WW1 MID MSM bravery medal group Sgt Gostling MGC 7th Suffolk Regiment

WW1 MID MSM bravery medal group Sgt Gostling MGC 7th Suffolk Regiment

WW1 MID MSM bravery medal group Sgt Gostling MGC 7th Suffolk Regiment

WW1 MID MSM bravery medal group Sgt Gostling MGC 7th Suffolk Regiment

WW1 MID MSM bravery medal group Sgt Gostling MGC 7th Suffolk Regiment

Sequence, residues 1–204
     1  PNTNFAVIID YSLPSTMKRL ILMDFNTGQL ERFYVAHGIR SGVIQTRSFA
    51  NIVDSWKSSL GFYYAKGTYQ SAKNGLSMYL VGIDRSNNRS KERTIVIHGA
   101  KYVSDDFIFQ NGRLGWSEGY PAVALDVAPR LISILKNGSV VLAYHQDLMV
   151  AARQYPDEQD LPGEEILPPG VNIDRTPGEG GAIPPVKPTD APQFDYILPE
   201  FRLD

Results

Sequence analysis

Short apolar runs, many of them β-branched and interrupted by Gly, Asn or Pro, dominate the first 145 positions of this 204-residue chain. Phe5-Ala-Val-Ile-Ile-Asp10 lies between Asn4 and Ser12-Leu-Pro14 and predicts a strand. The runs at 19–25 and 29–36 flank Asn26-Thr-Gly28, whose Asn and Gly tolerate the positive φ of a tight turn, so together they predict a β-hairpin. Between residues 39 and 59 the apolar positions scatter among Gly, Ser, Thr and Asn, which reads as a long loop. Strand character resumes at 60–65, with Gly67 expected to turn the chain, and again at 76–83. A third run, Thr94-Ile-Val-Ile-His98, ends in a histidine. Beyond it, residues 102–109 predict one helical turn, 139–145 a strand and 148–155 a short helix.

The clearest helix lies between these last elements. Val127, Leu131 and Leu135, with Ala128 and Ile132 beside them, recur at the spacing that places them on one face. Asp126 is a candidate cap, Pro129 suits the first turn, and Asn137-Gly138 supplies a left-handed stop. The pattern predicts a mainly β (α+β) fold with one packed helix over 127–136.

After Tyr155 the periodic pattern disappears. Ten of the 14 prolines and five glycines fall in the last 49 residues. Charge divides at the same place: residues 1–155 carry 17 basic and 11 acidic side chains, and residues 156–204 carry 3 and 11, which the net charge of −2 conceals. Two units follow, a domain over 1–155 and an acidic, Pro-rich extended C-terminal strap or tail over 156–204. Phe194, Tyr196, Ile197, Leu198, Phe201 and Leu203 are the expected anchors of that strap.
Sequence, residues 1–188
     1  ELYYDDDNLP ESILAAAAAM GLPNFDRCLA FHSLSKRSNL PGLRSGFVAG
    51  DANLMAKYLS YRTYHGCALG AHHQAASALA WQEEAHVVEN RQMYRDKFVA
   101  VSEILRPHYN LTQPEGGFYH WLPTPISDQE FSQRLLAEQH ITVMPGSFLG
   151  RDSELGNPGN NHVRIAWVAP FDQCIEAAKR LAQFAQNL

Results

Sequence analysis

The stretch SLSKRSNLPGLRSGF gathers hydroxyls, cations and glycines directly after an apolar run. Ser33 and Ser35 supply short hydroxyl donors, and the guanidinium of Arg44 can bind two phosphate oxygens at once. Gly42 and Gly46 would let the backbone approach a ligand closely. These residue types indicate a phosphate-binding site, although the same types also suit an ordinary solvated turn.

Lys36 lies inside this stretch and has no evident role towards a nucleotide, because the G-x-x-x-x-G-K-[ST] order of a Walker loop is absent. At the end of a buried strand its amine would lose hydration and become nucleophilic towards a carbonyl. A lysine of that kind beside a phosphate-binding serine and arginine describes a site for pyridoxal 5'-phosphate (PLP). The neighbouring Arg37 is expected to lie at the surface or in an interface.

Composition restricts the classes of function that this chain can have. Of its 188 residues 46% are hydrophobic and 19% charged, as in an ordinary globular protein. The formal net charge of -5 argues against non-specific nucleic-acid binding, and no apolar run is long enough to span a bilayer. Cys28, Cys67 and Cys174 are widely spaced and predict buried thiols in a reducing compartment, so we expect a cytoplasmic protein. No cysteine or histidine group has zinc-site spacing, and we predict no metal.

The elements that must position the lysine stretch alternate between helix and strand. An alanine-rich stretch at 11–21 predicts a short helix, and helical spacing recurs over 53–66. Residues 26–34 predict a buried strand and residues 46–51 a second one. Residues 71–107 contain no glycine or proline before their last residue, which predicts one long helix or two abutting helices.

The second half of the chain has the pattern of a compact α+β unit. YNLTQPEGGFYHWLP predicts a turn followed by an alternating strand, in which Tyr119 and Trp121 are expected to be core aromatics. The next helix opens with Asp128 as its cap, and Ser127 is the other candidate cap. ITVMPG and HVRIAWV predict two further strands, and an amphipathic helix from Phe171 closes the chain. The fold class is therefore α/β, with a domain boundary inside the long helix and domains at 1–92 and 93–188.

7th (Service) Battalion Suffolk Regiment Formed at Bury St Edmunds in August 1914 as part of K1 and came under command of 35th Brigade in 12th (Eastern) Division. 30 May 1915 : landed at Boulogne. 19 May 1918: reduced to cadre strength. 24 May 1918: transferred to 39th Division. More than 400 men transferred to 1/1st Cambridgeshire Regiment. 16 August 1918: transferred to 197th Brigade in 66th (2nd East Lancashire) Division. WW1 MID MSM group Sgt Gostling MGC 7th Suffolk Regiment. WW1 Great War MSM MID medal group of four Machine Gun Corps Machine Gun Corp Excellent condition, WW1 MSM MID Machine Gun Corps Group, Awarded 1914-15 Star 14218 L. , British war medal , Victory medal 14218 Sjt. R and Meritorious Service Medal MSM, 16708 Sjt: W. Awarded for devotion to duty and received a Mention in Dispatches (MID), official impressed name, copy medal card and some history details supplied, nice group for further research, William A. Gostling served in France from 30 May 1915 with 7th Suffolk Regt and was decorated with the M. For devotion to duty (London Gazette 1 January 1918 refers) besides earning a’mention’ whilst an Acting Transport Sergeant with the Machine Gun Corps (London Gazette 25 May 1917 refers). He was discharged class’Z’ on 7 March 1919; see pictures for condition. 7th (Service) Battalion Suffolk Regiment. Formed at Bury St Edmunds in August 1914 as part of K1 and came under command of 35th Brigade in 12th (Eastern) Division. Picture of 7th Btn Suffolk Regiment- France, Arras 1917 7th Btn Suffolk Regiment first went into action at Loos September 1915, several small action in between and back at Loos early 1916. 1st July 1916 they launched an attack on the German Trenches at Ovillers with mixed success, suffering heavy losses in “Mash Valley”. August 1916 battle of Pozieres, engaged in heavy fighting and had some success taking German trenches. Next large battle was Battle of the Scarpe, 1917. They remained in the Arras sector before engaging in the battle of Cambrai October 1917, first large scale use in battle using the new secret weapon the “Tank”, pushing the enemy back several miles, but suffereing heavy casualties. British Tank 1917 In 1918 the were transported by buses to the old battle grounds of the Somme and engaged in more heavy fighting. They were greatly reduced in strength and transferred to reinforce other units, the fought during 100 days offensive at the second battle of Cambrai, battle of Selle and advanced through La Cateau until Armistice November 1918. IMPORTANT NOTICE REGARDING LOCKDOWN. LOCKDOWN EASING GLOBALLY, deliveries returning to normal service to most countries in Europe, North America, Russia, Australia and New Zealand, there may be slight delays. I will use 1st class recorded on lower value items but please be patient if your item is delayed, the post is very safe and items are tracked, thanks for understanding. Thankyou for your patience and understanding during these strange times, stay safe and well. Auctiva gets you noticed! Track Page Views With. Auctiva’s FREE Counter. The item “WW1 MID MSM bravery medal group Sgt Gostling MGC 7th Suffolk Regiment” is in sale since Monday, May 11, 2020. This item is in the category “Collectables\Militaria\World War I (1914-1918)\Other World War I Militaria”. The seller is “theonlineauctionsale” and is located in Offchurch. This item can be shipped worldwide.